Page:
This week's Dear Elle posts!
Hello friends! As promised, here are this week’s Dear Elle advice articles all in one spot for your reading pleasure. Even if you’re not a mom, or your “active” momming days are over feel free to pass this link on to anybody you know who may find these a good time!
Yes I may cuss from time to time, a shit here and a fuck there but not too often around my son. I have been called to my son’s (grade 4) school twice because he’s been in trouble for swearing. How should I handle this?
From Pardon My French
Hello Pardon My French,
Yikes. I’m afraid I’m the wrong person to ask this question of, since I’m a big fan of cussing. Many of my followers have unfollowed me because I’m known to pepper my daily blogs with cuss words, and that makes them uncomfortable. Swearing doesn’t bother me, you know what bothers me? Other people shooting one another for no good reason does. But I digress, that is an entirely different conversation.
I was fortunate, even though I am what one might call liberal with my swearing, none of my three girls ever got in trouble for it in class. My eldest is twenty-nine and is very eloquent at swearing, much to her two younger sisters chagrin. But I’m of the opinion, as is my oldest daughter, who and what does swearing really harm? Also, my eldest daughter sent me an article that proves that people who swear have higher IQ’s, so there is that handy dandy little fact. But I get it, he’s only nine, maybe ten at the oldest, and I do agree that he should not be cussing at school. This is going to sound super old fashioned, but this is what I used to say to my girls when they would try to get away with “adult behavior” when they were too young for it.
There are actions that are suited for children, and those that are not. Swearing is one of those things that young children should not be doing. If he fights you on that, and many people will wag a finger, “oh you can’t swear and then tell him he cannot swear. It’s not right to parent a child with the ‘do as I say not as I do’ tactic.”
To which I always respond; “really??? I mean I don’t see nine-year olds chugging beer or sipping Chardonnay. Nor does anybody find it cool for little kids to smoke, or drive cars. It’s the same thing. Some things are for when you’re older. Swearing is one of those things, so you stop swearing now, or…” And then decide on a punishment that you feel fits the crime should he continue to cuss at school, he needs to know that you mean business so that he stops doing it. We used to take privileges away from our girls. You can, along with his teacher decide on a punishment if he insists on continuing in his cussing ways, such as volunteer him to stay after school to wash chalkboards, and empty wastebaskets should he do it again. Anything really that helps him understand that there is a time and place for his swearing and the classroom and playground are not those places.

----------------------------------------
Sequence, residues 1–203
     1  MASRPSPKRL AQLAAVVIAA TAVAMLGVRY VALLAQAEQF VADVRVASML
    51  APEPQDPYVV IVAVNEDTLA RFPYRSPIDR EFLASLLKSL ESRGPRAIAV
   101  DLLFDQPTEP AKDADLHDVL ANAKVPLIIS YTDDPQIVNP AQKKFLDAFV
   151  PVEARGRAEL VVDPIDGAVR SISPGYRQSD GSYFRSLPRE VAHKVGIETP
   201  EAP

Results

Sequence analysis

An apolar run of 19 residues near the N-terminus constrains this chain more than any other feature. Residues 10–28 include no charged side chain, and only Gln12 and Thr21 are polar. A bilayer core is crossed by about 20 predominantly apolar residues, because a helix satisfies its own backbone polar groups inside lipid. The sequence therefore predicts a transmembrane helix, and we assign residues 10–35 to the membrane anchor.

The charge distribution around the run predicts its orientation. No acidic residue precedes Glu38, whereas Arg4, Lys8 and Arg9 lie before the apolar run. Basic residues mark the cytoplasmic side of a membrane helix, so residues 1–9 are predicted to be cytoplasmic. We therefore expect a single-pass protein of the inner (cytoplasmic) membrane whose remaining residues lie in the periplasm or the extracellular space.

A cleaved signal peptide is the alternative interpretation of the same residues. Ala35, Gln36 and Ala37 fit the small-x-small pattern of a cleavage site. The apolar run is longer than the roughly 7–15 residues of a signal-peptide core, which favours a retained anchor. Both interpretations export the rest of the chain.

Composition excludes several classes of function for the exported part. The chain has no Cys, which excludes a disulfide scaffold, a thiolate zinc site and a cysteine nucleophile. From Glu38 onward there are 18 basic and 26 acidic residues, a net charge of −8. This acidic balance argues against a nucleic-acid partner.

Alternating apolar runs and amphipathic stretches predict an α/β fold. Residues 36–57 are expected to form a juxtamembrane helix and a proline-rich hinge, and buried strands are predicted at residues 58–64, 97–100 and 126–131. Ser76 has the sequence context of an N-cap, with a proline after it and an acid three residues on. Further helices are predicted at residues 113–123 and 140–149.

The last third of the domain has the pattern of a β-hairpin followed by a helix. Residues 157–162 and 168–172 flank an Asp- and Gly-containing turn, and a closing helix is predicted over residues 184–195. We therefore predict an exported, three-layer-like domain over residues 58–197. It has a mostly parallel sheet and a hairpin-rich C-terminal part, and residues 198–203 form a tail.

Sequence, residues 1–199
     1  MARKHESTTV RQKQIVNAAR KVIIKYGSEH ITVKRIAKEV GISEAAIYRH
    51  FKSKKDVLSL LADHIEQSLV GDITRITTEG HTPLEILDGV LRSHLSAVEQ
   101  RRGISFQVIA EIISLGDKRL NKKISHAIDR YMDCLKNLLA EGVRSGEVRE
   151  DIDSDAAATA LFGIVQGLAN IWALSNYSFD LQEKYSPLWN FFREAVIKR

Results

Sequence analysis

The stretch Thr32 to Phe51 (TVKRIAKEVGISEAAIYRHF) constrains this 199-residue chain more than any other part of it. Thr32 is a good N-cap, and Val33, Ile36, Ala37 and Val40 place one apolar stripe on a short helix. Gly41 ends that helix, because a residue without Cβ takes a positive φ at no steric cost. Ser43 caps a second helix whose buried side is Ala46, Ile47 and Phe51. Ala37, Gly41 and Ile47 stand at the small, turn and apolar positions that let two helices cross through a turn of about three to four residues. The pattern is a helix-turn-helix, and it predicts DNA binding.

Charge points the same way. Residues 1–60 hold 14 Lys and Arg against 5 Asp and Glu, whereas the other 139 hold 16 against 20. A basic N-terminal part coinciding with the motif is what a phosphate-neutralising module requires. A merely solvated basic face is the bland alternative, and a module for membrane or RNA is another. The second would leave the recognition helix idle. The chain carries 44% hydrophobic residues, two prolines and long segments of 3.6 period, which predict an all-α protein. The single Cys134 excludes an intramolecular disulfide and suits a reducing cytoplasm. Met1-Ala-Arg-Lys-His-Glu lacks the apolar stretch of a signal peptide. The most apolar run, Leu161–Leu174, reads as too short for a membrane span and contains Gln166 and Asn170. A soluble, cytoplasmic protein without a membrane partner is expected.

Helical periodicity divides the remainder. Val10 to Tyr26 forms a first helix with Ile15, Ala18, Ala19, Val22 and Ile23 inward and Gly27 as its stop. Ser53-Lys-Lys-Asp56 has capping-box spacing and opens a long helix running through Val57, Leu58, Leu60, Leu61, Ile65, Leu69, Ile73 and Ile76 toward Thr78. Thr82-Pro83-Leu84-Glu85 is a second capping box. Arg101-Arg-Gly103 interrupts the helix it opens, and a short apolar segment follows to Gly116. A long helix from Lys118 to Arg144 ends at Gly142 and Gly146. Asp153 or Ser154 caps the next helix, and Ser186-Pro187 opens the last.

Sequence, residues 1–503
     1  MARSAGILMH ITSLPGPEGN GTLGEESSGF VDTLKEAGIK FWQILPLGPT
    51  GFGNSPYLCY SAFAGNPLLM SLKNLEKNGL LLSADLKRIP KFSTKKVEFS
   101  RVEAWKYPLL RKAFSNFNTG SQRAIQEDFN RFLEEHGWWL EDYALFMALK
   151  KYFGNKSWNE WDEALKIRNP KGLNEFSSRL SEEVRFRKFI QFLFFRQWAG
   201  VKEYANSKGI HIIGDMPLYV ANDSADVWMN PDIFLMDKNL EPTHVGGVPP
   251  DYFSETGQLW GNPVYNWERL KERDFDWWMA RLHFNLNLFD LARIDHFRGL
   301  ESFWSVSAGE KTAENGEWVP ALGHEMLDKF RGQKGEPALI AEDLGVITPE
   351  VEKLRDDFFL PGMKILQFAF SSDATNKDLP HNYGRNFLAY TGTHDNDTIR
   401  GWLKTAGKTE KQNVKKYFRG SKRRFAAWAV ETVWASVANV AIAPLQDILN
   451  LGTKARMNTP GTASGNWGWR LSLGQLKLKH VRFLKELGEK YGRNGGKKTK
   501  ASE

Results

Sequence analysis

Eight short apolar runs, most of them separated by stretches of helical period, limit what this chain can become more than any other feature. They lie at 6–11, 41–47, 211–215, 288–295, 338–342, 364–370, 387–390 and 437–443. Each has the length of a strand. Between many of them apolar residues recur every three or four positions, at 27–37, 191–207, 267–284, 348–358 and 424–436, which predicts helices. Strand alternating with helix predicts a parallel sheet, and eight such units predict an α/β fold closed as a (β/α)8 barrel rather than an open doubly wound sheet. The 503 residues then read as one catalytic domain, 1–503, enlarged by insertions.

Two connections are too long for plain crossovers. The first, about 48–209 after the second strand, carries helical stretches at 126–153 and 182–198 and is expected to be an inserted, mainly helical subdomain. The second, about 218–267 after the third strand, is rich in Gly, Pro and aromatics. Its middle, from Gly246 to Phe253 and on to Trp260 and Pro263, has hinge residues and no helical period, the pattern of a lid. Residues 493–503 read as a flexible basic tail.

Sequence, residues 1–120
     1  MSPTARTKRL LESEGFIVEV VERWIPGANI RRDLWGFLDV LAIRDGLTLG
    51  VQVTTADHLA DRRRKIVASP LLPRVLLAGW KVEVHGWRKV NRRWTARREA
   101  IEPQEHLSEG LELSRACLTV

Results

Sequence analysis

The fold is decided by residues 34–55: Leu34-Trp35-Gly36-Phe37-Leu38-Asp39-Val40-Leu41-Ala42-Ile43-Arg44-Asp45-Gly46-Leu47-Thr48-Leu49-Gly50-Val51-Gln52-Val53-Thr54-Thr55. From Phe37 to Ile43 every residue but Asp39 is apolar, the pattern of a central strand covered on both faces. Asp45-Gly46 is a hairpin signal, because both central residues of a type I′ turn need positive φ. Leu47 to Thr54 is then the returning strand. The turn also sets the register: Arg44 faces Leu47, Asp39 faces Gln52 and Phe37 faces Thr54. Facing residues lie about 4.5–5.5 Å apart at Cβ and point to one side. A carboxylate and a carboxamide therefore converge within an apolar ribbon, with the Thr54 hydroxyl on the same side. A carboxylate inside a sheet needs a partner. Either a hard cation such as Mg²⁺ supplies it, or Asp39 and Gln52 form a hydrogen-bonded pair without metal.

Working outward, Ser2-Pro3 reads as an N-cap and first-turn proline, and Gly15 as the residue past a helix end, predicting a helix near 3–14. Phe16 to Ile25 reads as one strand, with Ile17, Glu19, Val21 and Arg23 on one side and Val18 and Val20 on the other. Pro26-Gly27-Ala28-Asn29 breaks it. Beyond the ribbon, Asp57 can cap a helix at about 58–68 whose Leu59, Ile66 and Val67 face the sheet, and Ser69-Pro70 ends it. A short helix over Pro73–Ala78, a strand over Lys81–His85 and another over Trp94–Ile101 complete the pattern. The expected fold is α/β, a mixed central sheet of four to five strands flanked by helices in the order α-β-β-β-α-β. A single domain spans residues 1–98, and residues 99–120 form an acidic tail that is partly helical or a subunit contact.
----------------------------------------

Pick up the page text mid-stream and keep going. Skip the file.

My kids either love me or hate me, there is no in between. It’s either I’m too strict or too permissive. How do I find the right balance?
From Love and Hate
Hi Love & Hate,
Welcome to motherhood.
Do you remember when you were young and how you struggled to find the balance in your relationship with your own mother? If not, I suggest you sit quietly and take yourself back to your own childhood and try to find the common ground, and situations where you felt the same emotions toward your own mother in that relationship. We’re only human, we’re people living under one roof day in day out, we’re bound to have intense interactions and reactions to one another, and quite frankly to get sick and tired of each other. It’s normal. In fact, so normal that I’m confident my three girls, twenty-nine, twenty-seven, and twenty-one have a group chat together with its only purpose being to complain about me. None of us are perfect, and if you were being honest with yourself, I’m sure you could say the same thing about how you feel toward your kids some days. This is life. As long as nobody is disrespecting the other, just live through it, and don’t put too much energy behind it all. Because as long as each and every day that you wake up you’re committed to being the best version of yourself then you’re walking in the right direction.
Also, you don’t say what the ages of your kids are, or how many there are, but trust me when I say you felt this way about your parents, and it’s only natural that your kids would feel the same way about you. As long as whenever you mess up, you’re quick to let them know that you’re sorry, everything else is just part and parcel of being a family, or at least it is in my opinion. Humility and forgiveness are key to long term healthy child/parent relationships.
As for being either too soft, or too hard I used to ask myself for three good reasons why I was saying, YES or NO to my girls before I would say or do something. This helped me a great deal to slow down my reaction and to instill balance in my decision making with them. Give that a whirl, and watch your parenting become more consistent!